Opposition groups and some international organizations claimed the government held many political prisoners and detainees, although the precise number of these individuals--including those convicted of involvement in the 2002 attack--remained unknown. There were reports that the government held approximately 360 individuals in Owadan Depe prison for their perceived political opinions and alleged involvement in the 2002 attack. Human rights observers considered conditions at Owadan Depe Prison among the worst in the country, and there were reports that prison officials subjected prisoners to torture and abuse.
In 2007 there were reports that some prisoners accused of economic crimes, including a number of former senior government ministers, may have been moved from Owadan Depe Prison to Mary Prison. Government officials refused to respond to inquiries from family members and diplomats about many prisoners' location or condition. Government officials also refused to permit family members, foreign diplomats, or international observers, including the ICRC, access to detainees or prisoners associated with the 2002 attack.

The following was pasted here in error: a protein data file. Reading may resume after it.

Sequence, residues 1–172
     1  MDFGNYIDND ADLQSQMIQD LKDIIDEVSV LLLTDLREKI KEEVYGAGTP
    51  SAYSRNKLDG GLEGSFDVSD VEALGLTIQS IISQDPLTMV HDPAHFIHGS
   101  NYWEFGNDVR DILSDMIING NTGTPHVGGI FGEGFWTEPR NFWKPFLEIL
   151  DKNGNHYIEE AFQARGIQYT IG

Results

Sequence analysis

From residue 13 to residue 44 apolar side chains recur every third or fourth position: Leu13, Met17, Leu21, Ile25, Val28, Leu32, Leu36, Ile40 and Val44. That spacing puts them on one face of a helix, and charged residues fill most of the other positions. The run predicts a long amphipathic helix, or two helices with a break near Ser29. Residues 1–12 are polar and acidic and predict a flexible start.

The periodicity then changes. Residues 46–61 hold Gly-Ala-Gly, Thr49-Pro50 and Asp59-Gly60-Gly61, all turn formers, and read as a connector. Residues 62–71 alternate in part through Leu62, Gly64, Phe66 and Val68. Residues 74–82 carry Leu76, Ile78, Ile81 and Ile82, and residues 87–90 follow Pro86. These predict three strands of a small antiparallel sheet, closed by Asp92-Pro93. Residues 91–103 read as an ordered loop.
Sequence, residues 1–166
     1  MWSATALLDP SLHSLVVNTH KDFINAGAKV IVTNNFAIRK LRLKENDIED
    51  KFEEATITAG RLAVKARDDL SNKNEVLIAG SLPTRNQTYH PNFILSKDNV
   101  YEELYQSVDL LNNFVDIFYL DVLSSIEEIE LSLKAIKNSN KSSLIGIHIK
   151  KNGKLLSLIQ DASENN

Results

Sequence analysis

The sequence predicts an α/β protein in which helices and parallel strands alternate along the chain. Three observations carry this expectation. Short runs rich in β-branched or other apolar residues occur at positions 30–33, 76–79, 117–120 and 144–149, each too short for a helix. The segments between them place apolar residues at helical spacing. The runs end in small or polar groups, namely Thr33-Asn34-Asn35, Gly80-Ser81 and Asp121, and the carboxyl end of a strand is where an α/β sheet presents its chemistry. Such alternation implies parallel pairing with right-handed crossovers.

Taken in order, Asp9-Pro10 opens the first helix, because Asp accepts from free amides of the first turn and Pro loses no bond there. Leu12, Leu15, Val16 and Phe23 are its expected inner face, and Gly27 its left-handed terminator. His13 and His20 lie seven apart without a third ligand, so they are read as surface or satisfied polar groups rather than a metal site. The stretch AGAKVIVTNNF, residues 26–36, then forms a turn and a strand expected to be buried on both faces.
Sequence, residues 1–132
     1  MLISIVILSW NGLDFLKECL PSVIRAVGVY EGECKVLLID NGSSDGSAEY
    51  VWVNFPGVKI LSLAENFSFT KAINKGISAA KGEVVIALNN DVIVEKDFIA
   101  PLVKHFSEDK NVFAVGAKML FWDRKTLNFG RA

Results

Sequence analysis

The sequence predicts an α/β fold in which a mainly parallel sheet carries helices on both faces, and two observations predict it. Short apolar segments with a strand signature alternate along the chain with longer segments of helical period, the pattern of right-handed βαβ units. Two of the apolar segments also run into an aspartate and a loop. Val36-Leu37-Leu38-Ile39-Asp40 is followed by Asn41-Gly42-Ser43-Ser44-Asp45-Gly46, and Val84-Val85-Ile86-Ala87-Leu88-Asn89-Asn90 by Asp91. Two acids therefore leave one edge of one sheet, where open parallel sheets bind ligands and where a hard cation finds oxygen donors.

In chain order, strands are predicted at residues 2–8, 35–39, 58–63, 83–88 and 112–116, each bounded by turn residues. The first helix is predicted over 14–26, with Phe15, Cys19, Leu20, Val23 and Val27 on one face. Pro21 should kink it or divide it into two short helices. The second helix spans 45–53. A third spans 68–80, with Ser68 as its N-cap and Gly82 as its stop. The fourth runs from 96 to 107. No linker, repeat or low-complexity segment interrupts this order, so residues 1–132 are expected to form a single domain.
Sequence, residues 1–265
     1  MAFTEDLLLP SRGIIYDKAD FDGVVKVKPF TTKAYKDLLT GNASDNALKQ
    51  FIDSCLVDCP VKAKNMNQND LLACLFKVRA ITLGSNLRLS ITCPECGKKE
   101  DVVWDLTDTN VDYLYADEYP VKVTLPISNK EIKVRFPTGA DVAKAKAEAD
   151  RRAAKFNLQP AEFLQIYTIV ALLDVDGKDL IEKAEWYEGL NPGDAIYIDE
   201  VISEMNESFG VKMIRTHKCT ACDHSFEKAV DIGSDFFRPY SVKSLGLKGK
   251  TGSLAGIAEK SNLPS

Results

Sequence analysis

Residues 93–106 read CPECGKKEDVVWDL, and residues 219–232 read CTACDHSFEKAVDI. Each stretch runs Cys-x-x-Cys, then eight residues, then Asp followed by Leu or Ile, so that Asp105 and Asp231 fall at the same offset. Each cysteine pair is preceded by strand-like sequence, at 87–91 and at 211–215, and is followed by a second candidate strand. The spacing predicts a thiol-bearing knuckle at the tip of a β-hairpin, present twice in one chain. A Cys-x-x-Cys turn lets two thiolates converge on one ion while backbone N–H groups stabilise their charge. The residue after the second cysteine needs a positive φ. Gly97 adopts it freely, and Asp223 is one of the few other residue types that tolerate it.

Civil Judicial Procedures and Remedies
The civil judiciary system was not independent or impartial; the president appointed all judges. There were instances of police investigations that went to court in which plaintiffs could sue defendants. In theory the civil court system functions, but there were reports of bribes to ensure a positive outcome. In cases in which the state had interests regarding an individual citizen, it enforced domestic court orders. The most commonly enforced court orders were eviction notices.